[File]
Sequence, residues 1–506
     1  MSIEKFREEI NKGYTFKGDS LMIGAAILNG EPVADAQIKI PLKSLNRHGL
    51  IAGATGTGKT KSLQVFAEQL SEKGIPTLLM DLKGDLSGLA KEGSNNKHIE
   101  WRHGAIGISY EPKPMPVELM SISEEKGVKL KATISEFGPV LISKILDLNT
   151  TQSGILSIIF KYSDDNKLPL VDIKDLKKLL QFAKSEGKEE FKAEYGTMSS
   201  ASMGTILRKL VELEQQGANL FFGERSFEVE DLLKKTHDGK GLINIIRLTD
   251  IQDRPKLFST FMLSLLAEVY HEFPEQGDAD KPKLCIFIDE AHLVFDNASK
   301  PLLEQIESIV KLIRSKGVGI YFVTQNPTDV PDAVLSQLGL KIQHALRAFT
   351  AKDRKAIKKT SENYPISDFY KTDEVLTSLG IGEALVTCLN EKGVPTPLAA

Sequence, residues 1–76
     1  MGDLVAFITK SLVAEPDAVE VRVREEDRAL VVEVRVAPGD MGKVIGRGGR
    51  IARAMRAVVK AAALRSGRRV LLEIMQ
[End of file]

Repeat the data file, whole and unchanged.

Sequence, residues 1–506
     1  MSIEKFREEI NKGYTFKGDS LMIGAAILNG EPVADAQIKI PLKSLNRHGL
    51  IAGATGTGKT KSLQVFAEQL SEKGIPTLLM DLKGDLSGLA KEGSNNKHIE
   101  WRHGAIGISY EPKPMPVELM SISEEKGVKL KATISEFGPV LISKILDLNT
   151  TQSGILSIIF KYSDDNKLPL VDIKDLKKLL QFAKSEGKEE FKAEYGTMSS
   201  ASMGTILRKL VELEQQGANL FFGERSFEVE DLLKKTHDGK GLINIIRLTD
   251  IQDRPKLFST FMLSLLAEVY HEFPEQGDAD KPKLCIFIDE AHLVFDNASK
   301  PLLEQIESIV KLIRSKGVGI YFVTQNPTDV PDAVLSQLGL KIQHALRAFT
   351  AKDRKAIKKT SENYPISDFY KTDEVLTSLG IGEALVTCLN EKGVPTPLAA

Sequence, residues 1–76
     1  MGDLVAFITK SLVAEPDAVE VRVREEDRAL VVEVRVAPGD MGKVIGRGGR
    51  IARAMRAVVK AAALRSGRRV LLEIMQ